said David West, Pacers forward. “We lost to this team in the second round last year, so we’ve already gotten a step farther this season.” Indiana took Miami to six games last season, leading the series 2-1 at one point, and left an impact on the Heat with words, actions and play. The series was always physical, at times bloody, and it took some superb efforts by Wade and James for Miami — which was without Chris Bosh for 5 ½ of those six games — to put the Pacers away. It’s not in the nature of either of these teams to back down from physicality, and tough play will almost certainly be a theme in this series. But if there’s one thing the Pacers and Heat agree upon, it’s that this series will be decided by execution, not intimidation. “I think this will be about substance,” said Frank Vogel, Pacers head coach. “This series has plenty to offer without hard fouls and trash-talking. It’s going to be about basketball.”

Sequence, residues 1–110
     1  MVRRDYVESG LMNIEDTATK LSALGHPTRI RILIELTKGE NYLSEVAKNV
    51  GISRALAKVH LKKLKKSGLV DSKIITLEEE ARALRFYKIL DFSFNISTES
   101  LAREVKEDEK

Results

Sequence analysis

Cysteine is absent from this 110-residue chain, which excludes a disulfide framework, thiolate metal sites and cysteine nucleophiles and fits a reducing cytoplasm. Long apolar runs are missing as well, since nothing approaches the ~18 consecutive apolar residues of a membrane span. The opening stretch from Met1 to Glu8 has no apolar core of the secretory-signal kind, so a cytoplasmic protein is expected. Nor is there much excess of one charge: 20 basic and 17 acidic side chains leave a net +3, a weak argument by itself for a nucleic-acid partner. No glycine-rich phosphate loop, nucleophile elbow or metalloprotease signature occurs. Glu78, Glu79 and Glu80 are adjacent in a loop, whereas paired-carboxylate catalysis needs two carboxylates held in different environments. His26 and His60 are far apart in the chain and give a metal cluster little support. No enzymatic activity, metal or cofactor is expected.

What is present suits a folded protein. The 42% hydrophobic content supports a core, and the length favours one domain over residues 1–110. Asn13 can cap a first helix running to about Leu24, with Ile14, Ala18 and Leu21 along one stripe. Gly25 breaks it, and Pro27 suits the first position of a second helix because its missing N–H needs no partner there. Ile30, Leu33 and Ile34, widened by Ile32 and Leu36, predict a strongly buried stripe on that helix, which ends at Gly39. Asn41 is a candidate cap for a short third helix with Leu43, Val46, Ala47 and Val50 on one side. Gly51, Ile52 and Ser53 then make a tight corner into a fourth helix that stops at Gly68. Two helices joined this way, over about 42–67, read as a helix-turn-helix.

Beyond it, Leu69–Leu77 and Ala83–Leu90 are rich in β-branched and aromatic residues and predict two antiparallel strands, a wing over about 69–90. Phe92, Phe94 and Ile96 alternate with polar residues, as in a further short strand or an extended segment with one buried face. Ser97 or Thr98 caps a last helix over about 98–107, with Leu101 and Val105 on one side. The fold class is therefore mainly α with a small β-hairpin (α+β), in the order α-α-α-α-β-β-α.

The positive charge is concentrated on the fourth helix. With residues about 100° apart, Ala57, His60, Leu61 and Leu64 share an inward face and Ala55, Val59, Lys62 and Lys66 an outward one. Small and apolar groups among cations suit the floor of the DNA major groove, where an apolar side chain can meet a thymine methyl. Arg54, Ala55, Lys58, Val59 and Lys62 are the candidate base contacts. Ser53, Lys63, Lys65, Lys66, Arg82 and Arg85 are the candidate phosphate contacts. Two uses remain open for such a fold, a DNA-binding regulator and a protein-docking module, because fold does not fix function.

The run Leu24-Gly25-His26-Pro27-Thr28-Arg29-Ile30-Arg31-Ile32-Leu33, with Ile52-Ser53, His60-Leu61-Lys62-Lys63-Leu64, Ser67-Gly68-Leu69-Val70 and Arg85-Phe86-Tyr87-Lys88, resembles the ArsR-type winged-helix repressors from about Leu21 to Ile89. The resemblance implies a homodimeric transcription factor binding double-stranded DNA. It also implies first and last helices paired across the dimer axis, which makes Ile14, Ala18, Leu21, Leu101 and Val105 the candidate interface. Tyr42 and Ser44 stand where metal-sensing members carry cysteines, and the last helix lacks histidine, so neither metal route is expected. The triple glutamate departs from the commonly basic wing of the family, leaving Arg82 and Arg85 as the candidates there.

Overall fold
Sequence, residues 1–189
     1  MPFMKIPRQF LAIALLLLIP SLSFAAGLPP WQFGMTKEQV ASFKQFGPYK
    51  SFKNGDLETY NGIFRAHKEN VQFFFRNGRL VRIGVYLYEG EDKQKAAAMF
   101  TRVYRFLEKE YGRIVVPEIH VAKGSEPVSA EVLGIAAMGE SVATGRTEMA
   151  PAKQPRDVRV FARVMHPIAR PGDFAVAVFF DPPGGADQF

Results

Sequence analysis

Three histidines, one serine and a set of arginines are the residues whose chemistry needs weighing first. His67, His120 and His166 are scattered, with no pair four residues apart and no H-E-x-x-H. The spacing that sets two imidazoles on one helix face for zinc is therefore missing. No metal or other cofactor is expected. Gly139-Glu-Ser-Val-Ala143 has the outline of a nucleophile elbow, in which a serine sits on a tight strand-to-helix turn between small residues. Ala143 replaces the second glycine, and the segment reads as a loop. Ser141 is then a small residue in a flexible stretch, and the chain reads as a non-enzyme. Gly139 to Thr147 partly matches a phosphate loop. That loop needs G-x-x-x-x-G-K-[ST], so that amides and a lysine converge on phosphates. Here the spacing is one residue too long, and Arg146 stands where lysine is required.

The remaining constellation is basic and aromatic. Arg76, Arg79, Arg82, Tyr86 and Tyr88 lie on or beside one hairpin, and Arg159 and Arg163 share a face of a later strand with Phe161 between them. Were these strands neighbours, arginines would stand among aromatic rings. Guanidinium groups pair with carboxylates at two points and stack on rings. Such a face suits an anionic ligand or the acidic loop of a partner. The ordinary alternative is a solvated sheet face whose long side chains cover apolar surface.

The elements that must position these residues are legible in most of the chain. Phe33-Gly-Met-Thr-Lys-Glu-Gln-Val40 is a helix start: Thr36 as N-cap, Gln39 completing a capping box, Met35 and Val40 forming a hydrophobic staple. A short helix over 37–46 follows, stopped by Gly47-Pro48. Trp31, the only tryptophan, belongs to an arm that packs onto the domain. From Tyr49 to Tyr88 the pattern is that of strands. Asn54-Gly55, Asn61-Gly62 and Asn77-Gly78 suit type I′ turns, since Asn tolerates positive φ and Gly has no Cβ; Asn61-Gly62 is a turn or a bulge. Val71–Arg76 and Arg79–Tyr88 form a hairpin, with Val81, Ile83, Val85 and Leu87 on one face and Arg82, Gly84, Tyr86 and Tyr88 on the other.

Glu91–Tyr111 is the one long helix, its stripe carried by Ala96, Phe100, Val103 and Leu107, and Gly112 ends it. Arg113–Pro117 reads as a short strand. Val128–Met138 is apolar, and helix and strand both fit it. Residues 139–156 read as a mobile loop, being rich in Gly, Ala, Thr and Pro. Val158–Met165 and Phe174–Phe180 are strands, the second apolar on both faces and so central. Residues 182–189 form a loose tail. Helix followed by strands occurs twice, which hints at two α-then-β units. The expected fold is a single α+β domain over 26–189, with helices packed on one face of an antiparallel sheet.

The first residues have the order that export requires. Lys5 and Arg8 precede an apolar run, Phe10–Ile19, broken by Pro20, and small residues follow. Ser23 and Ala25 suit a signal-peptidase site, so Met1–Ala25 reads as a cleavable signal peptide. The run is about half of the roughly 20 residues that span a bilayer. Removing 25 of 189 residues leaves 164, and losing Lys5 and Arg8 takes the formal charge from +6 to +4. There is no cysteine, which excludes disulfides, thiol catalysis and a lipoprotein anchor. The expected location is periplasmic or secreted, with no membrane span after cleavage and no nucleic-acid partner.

Command: Randolph finishes with 15 points Continued from Page B-1 Parker checked back in and soon had the lead growing again, ducking under Darrell Arthur to hit a floater and then knocking down a 3-pointer from the right wing to make it 83-70 with 8:14 to play. But then Parker finally went cold, missing five straight shots down the stretch as the Grizzlies rallied back. He had 14 assists in the second and third quarters and went past his career-high for the regular season of 17 during overtime. After Game 1, Memphis’ guards outlined a game plan that involved picking up their defense earlier on Parker to keep him from